Mahāsammata

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Mahāsammata
Reign11 trillion years BP
SuccessorRoja (Roca)
ConsortManikpala
Full name
Manu (မနု)
ReligionBuddhism

Mahāsammata (Pali: महासम्मत; Burmese: မဟာ သမ္မတ; also spelled Mahā Sammata; lit. "the Great Elect"[1][2]), also known as Khattiya and Rāja, was the first monarch of the world according to Buddhist tradition. The chronicles of Theravada Buddhist tradition such as Mahāvaṃsa and Maha Yazawin state that he was the founder of the Sakya dynasty, to which the historical Buddha belonged. He was the first of the eleven world monarchs named Maha Sammata, each of whom founded the eleven dynasties that existed from the beginning to the day of the Buddha.[3]

Brief[edit]

The future king was born "in the beginning of the world" in Jambudvīpa, the only habitable continent on earth, to a family descended from the solar race. As no leaders or political orders were in existence, the people elected him to be their king.[1][4] He ascended to the throne with the title Mahāsammata ("the Great Elect"),[2] and took Manikpala, the sister of Viṣṇu as his queen. As king, he constituted the order of the city-state, the various duties and offices defined for the state, and the boundaries of armies of their protection.[5] Moreover, he also established four different human estates (castes): the rulers, brahmins, the wealthy and the poor. He also compiled the first dhammasattha (law treatise).[4]

There are various historical facts, literature, poetry and cultural practices can be found in Sri Lanka related to Mahāsammata dynasty. Mahāsammata Manu was a rice paddy farmer became the king of the land called Oja Dheepa (today Sri Lanka). He was elected through a participatory democratic election conducted among the civilians, and he also had to show his talents with armory, regarding the country's security. The area where his ancient capital was Manu Arama today called Mannar District. His wife's name is Sankapali. Local people in the island today welcome scholars to study about him.

According to the Mahāvaṃsa Ṭīkā (sub-commentaries), Mahāsammata was the bodhisatta in a previous life.[6] The Jātaka commentary identifies the primeval king Mahāmandhātā as being the bodhisatta as well, Mahāmandhata being the great-great-great-great grandson of Mahāsammata. Mahāmandhātā is given as an example of one who could obtain great sense-pleasure (and even to the glory of the gods) in his lifetime, but still had to die.[7] The Cetiya Jātaka states that the lifespan of Mahāsammata was an asankheyya long (literally, "cannot be calculated").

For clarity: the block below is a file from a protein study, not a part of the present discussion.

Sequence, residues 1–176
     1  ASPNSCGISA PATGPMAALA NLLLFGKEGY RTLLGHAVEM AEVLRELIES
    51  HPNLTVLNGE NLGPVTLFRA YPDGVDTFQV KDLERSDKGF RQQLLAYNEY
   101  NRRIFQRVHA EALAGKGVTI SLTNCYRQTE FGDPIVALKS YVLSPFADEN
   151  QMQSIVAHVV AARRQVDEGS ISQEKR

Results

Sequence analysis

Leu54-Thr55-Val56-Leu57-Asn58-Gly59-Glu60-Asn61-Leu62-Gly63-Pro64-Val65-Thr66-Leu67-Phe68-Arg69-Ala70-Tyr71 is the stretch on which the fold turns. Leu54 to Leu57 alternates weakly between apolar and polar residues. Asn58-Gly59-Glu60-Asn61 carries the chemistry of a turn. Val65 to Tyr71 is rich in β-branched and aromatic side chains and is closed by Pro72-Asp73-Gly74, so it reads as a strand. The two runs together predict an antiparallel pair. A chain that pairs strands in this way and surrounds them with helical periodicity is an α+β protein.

Aftermath[edit]

Ananda Temple's Kassapa Buddha – South facing
Kakusandha Buddha – North facing
Koṇāgamana Buddha – East facing
Gautama Buddha – West facing

The dynasty he founded was to have a line of 63,000 kings. That dynasty eventually fell because people forgot religion (dharma). The second dynasty was founded by the founder who took the title Mahāsammata II. That dynasty too eventually fell after another 63,000 kings later. The fall of the second dynasty was followed by the foundation of the third dynasty. The cycle of rising and falling dynasties continued to the day of the historical Buddha, over 2500 years ago. Based on the reporting in the Sinhalese and Burmese chronicles, each of the eleven cycles lasted 800 billion years, meaning the earth is 10 trillion years old.[8] According to tradition, there were 334,569 kings (of the 11 dynasties) from Mahāsammata to the time of the historical Buddha.[9]

According to Theravada tradition, a total of 28 Buddhas have appeared including the historical Buddha. The first 24 Buddhas appeared in the first seven cycles. The last four Buddhas appeared in the most recent four cycles.[10]

Name Era
Kakusandha Buddha Eighth Mahāsammata Dynasty
Koṇāgamana Buddha Ninth Mahāsammata Dynasty
Kassapa Buddha Tenth Mahāsammata Dynasty
Gautama Buddha Eleventh Mahāsammata Dynasty

Significance[edit]

Maha Sammata is mentioned in various Buddhist traditions. In addition to the Theravada accounts, Tibetan and Mongolian Buddhist schools describe him as the founder of political thought.[11]

See also[edit]

References[edit]

  1. ^ a b Kapferer 1997: 68
  2. ^ a b Rhys Davids 2006: 88
  3. ^ Kala 1724: 46–51
  4. ^ a b Kala 1724: 46–48
  5. ^ Kapferer 2002: 112
  6. ^ Malalasekera, GP. "Mahāsammata". Tipitaka (Drei-Korb), der Pali Kanon des Theravāda-Buddhismus. Retrieved 7 May 2015.
  7. ^ Malalasekera, GP. "Mandhātā". Tipitaka (Drei-Korb), der Pali Kanon des Theravāda-Buddhismus. Retrieved 7 May 2015.
  8. ^ Mahānāma 1999: 57 in the footnotes by editor Douglas Bullis
  9. ^ Mahā Thilawuntha 1928: 81
  10. ^ Kala 1724: 51
  11. ^ Heissig 1980: 69

Bibliography[edit]

  • Heissig, Walther (1980). The Religions of Mongolia. University of California Press. ISBN 9780520038578.
  • Kala, U (1724). Maha Yazawin Gyi (in Burmese). 1–3 (2006, 4th printing ed.). Yangon: Ya-Pyei Publishing.
  • Kapferer, Bruce (1997). The Feast of the Sorcerer: Practices of Consciousness and Power (illustrated ed.). University of Chicago Press. ISBN 9780226424118.
  • Kapferer, Bruce (2002). Beyond Rationalism: Rethinking Magic, Witchcraft, and Sorcery (illustrated ed.). Berghahn Books. ISBN 9781571814180.
  • Mahanama-sthavira, Thera (1999). Douglas Bullis (ed.). Mahavamsa: The Great Chronicle of Sri Lanka. Jain Publishing Company. ISBN 9780895819062.
  • Maha Thilawuntha, Shin (1928). Pe Maung Tin (ed.). Yazawin Kyaw (in Burmese) (4th printing, 2010 ed.). Yangon: Burma Research Society (original publisher), Ya-Pyei (4th printing).
  • Rhys Davids, T.W. (2006). Dialogues of the Buddha. 3 (reprint ed.). Kessinger Publishing. ISBN 9781428635029.